Friday, October 29, 2021

NASA: Cut SLS Costs by 50% and We'll Use It 'Till 2050

According to a document found by Ars Technica, NASA has asked the industry for ideas on how to go about "maximizing the long-term efficiency and sustainability" of the Space Launch System (SLS) - both the rocket and its ground systems.  This was not directed just at prime contractor Boeing, but at any company in the industry.

The request, which appears on the website in the form of a Request For Information (RFI), opens with the following explanation. 

The National Aeronautics and Space Administration (NASA) invites industry to submit responses to this Request for Information (RFI) to assist NASA in maximizing the long term efficiency and sustainability of the Exploration Systems Development (ESD) programs, including the Space Launch System (SLS),  Exploration Ground Systems (EGS) and Cross-Program Systems Integration (CSI) office by minimizing production, operations, and maintenance costs.  NASA will use the information received from this RFI on a non-attribution basis for informing future acquisition(s) to address this challenge.

NASA says it sees itself as the "anchor tenant" of the system, and says they see themselves procuring one manned flight per year, which doesn't strike me as much of a pace of operations.  They then say industry will "market" the large launch vehicle to other customers, including the science community and other government and non-government entities.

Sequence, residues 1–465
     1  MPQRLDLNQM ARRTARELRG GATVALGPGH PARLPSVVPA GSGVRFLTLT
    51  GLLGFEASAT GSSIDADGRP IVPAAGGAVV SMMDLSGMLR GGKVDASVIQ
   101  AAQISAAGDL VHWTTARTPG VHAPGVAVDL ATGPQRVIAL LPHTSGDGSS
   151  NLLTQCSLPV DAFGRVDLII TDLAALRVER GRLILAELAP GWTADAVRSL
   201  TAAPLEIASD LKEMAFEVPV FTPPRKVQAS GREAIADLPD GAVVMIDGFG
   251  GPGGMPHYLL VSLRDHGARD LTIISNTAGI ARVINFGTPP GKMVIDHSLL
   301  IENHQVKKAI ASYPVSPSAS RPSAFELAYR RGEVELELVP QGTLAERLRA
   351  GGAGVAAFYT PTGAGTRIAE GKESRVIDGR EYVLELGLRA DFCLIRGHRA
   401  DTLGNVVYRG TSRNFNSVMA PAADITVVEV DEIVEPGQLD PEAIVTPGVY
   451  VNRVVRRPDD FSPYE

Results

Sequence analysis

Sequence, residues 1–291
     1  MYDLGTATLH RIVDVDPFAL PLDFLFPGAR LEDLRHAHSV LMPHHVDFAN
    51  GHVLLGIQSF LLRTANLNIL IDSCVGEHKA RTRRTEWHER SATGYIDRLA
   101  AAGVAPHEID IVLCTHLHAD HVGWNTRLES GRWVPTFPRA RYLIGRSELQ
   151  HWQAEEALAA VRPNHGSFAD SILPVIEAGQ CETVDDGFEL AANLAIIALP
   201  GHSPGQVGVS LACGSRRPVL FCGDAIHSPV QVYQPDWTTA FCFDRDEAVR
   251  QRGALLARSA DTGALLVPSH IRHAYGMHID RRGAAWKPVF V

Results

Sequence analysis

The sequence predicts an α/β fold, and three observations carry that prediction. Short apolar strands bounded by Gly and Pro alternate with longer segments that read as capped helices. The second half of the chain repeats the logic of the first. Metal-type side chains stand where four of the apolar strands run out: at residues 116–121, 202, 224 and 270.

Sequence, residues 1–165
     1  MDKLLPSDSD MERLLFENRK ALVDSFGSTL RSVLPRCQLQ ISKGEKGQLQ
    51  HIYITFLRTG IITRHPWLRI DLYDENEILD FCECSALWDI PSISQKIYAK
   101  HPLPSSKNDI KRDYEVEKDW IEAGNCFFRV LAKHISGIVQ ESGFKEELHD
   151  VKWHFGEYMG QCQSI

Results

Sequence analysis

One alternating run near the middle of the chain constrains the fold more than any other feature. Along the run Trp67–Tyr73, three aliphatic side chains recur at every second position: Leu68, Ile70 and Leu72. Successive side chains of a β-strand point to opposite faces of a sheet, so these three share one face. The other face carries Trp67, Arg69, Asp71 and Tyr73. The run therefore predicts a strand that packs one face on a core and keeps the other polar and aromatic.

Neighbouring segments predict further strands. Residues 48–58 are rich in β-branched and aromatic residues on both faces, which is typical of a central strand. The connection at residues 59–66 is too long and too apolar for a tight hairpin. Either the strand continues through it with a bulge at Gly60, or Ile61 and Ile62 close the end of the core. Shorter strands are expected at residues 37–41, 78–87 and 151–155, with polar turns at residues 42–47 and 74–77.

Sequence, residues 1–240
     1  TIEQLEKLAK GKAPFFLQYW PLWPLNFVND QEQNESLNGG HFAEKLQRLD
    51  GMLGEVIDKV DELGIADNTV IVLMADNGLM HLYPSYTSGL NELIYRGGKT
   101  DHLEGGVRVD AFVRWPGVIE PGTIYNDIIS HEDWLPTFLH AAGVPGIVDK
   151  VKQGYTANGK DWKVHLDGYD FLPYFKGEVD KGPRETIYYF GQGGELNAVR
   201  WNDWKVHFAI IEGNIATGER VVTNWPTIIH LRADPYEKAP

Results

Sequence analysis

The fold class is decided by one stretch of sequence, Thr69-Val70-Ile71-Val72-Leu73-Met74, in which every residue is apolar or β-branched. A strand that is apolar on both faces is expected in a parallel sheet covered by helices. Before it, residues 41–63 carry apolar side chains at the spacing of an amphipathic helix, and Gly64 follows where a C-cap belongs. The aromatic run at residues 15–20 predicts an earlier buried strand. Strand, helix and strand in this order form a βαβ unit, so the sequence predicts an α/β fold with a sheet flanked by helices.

NASA says it wants to transition ownership of rocket production and ground services to the private industry. In return, this private contractor should build and launch the SLS at a substantial savings of 50 percent or more off of the current industry "baseline per flight cost."

The problem for us observers is that NASA has never published what that baseline cost is.  We have seen some figures that imply that the cost would have to be over $1 billion per launch and possibly well over.  In May of 2020, we found out that the first stage engines would cost $146 million per engine, so nearly $600 million ($584 m) for just the four engines of the booster core.  That doesn't count the solid rocket boosters, the upper stage(s) or anything else.  I don't think they could put the rest together for under $1 billion.

Ars asked the NASA communications office on Tuesday for this figure, but as of Wednesday morning there has been no response. In 2019, the White House Office of Management and Budget estimated the cost of one SLS launch a year at "over $2 billion." Subsequently NASA did not deny that figure, but it has not been transparent with taxpayers about the rocket's expected costs.